A teenager who took part in the ferocious murder with his step-parents of his five-year-old stepbrother has been named for the first time as he was detained for life for murder.
Craig Mulligan, 14, was sentenced to a minimum of 15 years’ detention for killing Logan Mwangi having previously expressed a desire to kill him.
Mulligan carried out the fatal assault on Logan with his stepfather John Cole, 40, in the flat where they lived in Lower Llansantffraid, Sarn, while his stepmother and the youngster’s biological mother Angharad Williamson, 31, stood by and “did nothing”.
Cole was told by a judge at Cardiff Crown Court that he would spend at least 29 years behind bars while Williamson would serve a minimum of 28 years’ custody.
A social services investigation is now under way into the circumstances of Logan’s death as Mulligan had only returned to the care of Cole just five days before the murder.
The trio were convicted of killing the little boy in Sarn, Bridgend, South Wales, in April, following a trial at Cardiff Crown Court.
Passing sentence, Mrs Justice Jefford said: “You are responsible for Logan’s death and all the anguish that has followed from it.
“Because he was killed in his own home and by his own family, it is not possible to be sure exactly what happened to him but what is very clear is that shortly before his death, this little boy – three feet and five inches in height and weighing only three stone and one pound – was subjected to a brutal attack.”
The judge described the injuries Logan had suffered and said they were the “sort of injuries seen in abused children”.
“The inflicting of these injuries on a small, defenceless five-year-old is nothing short of horrifying.”
The judge said Williamson had tried to shift the blame onto others and added: “You had the opportunity to protect your son from further injury and you did nothing.
“What happened to Logan must have involved appalling mental and physical suffering.
“It is impossible to imagine the terror and anguish of a five-year-old child as these horrific injuries were inflicted on him by those he regarded as family and with the complicity of his mother.
“In a final act of callousness, all three of you agreed to try to cover up Logan’s death as an accident.
“It is impossible not to draw the inference that you regarded disposing of Logan’s body as akin to disposing of rubbish.”
Both Williamson and Mulligan were convicted of a further charge of perverting the course of justice – an offence Cole had admitted before trial.
Logan, a previously “smiling, cheerful little boy”, was discovered in the River Ogmore in Pandy Park on the morning of July 31 2021.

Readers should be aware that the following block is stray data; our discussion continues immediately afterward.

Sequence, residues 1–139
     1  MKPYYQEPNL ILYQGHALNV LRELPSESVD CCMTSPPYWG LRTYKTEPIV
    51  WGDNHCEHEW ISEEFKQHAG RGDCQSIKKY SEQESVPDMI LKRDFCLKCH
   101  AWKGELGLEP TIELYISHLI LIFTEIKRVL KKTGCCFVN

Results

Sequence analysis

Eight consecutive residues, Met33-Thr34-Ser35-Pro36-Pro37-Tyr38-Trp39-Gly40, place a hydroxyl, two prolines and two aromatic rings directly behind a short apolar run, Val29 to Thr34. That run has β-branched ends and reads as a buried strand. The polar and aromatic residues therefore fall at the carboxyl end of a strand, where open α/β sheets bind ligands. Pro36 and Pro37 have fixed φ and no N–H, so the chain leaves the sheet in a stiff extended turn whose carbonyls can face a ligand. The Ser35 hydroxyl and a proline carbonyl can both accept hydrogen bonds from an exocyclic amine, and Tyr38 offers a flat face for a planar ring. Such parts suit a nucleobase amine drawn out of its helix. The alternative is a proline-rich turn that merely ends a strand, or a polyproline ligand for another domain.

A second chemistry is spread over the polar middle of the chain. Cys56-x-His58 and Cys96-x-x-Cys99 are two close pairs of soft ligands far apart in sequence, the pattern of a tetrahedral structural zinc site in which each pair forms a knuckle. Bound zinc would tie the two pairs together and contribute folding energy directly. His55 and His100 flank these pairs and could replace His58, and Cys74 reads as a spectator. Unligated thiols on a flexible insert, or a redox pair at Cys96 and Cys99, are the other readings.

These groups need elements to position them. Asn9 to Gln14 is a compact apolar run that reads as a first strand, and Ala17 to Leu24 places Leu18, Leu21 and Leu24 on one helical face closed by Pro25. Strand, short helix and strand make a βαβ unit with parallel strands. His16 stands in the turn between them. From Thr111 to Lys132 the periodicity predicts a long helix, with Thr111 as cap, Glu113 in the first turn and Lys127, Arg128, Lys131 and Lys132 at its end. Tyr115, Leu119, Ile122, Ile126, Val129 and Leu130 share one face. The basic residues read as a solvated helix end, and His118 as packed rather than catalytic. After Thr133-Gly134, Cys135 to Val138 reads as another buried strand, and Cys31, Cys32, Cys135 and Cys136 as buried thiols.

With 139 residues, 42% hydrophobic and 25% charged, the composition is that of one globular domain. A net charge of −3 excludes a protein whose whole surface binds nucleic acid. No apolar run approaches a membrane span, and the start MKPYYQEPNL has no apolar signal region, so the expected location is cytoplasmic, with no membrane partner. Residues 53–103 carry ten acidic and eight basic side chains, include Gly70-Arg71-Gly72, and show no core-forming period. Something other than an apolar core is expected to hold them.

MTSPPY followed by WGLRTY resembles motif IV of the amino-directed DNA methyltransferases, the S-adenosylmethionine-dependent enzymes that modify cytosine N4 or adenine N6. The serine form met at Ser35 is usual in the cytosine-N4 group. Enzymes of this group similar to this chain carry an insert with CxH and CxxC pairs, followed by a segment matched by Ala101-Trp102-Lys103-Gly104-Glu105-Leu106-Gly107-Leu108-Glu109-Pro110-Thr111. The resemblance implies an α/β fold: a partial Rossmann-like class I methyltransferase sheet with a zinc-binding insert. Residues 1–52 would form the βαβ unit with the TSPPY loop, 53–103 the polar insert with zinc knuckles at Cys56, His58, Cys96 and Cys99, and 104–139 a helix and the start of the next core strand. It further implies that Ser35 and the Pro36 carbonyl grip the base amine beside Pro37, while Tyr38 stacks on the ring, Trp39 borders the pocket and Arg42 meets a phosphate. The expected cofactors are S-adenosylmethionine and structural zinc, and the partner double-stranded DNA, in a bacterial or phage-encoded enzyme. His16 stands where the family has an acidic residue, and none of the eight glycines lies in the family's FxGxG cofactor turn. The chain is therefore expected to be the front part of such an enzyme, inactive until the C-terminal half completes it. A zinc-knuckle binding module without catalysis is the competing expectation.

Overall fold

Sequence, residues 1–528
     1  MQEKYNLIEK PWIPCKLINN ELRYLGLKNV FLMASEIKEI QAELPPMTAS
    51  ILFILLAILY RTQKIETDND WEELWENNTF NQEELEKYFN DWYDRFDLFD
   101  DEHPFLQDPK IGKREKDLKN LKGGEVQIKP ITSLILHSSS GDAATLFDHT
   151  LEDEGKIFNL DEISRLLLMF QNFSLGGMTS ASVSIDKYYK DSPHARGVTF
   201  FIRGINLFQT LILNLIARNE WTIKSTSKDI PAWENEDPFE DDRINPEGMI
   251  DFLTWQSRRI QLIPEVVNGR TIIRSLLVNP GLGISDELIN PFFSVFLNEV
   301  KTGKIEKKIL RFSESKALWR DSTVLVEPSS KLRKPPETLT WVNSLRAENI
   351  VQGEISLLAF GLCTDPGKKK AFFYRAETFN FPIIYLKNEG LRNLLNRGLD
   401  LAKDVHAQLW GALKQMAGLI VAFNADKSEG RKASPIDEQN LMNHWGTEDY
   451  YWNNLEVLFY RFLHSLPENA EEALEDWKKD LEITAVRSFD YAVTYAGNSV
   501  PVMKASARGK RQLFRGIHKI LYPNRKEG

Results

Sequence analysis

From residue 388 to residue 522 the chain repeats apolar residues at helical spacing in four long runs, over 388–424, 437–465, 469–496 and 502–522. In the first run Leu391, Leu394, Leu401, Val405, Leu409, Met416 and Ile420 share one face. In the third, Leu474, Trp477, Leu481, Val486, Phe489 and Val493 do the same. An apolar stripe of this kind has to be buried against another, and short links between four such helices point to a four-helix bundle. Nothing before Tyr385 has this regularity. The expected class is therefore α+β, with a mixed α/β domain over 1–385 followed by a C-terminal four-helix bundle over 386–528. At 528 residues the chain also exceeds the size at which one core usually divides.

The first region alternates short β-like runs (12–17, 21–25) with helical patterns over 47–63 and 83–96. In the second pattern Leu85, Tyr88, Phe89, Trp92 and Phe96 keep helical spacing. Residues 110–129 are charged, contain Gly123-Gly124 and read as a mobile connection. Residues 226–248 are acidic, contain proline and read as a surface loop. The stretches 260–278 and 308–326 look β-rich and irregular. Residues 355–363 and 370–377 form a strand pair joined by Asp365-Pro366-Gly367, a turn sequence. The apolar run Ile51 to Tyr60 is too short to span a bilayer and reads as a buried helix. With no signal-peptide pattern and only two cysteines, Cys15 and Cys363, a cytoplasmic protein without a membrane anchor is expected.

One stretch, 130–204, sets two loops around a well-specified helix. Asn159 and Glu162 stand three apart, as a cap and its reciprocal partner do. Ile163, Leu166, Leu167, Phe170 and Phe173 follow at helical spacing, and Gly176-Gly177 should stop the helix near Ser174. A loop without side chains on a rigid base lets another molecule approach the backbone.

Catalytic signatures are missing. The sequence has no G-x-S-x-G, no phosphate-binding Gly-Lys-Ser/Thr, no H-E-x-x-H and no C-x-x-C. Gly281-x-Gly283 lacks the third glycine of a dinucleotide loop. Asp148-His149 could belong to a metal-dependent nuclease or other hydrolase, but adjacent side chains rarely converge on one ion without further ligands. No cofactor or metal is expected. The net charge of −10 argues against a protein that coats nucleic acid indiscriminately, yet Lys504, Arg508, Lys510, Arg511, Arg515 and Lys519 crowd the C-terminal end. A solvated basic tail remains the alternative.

Police found him partially submerged, wearing dinosaur pyjama bottoms and a Spider-Man top just 250 metres from his home.
The youngster had suffered 56 external cuts and bruises, and “catastrophic” internal injuries, which were likened to a high-speed road accident.
In the months and weeks leading up to his death, Logan had been “dehumanised” by his family, prosecutors said.
Logan’s stammer is said to have worsened, becoming particularly bad around Cole.
He wet himself more frequently and began self-harming.
Friends of the couple said Cole told them he did not like Logan, and others said his attitude changed after becoming obsessed with the idea that Williamson had cheated with Logan’s father Ben Mwangi.
After Williamson gave birth to his own child, Cole was reluctant to let Logan see the baby and later claimed the boy had tried to smother the infant.
Medics made a safeguarding referral to the police after Logan suffered a broken arm in August 2020.
By March, due to concerns over Cole’s behaviour, Logan and his younger sibling had been assigned their own social worker.
In June, a month before Logan died, the family were removed from the child protection register, meaning it was believed there was no longer a risk of significant harm.
A foster family whom Mulligan stayed with claimed to have heard him say he wanted to kill Logan.
A support worker also heard Mulligan singing: “I love kids, I f****** love kids, I love to punch kids in the head, it’s orgasmic.”
On July 20, Logan tested positive for Covid-19 and he was shut in his bedroom with a baby gate barring him from leaving.
Caroline Rees QC, prosecuting, said: “He had been kept like a prisoner in his small bedroom in the flat you saw, a room likened by Williamson as a dungeon.”
A child practice review into Logan’s death has been launched by the Cwm Taf Morgannwg Safeguarding Board.
Mark Shephard, chief executive of Bridgend County Borough Council, said: “We are awaiting the review’s findings, and together with our partners we will implement any recommendations that it may contain to ensure that we can provide the best, most effective services possible for the local community.”
Tracey Holdsworth, from NSPCC Cymru, said: “It is vital that the child safeguarding practice review leaves no stone unturned in establishing exactly what took place before Logan died and whether more could have been done to protect him by the agencies involved with his family.”
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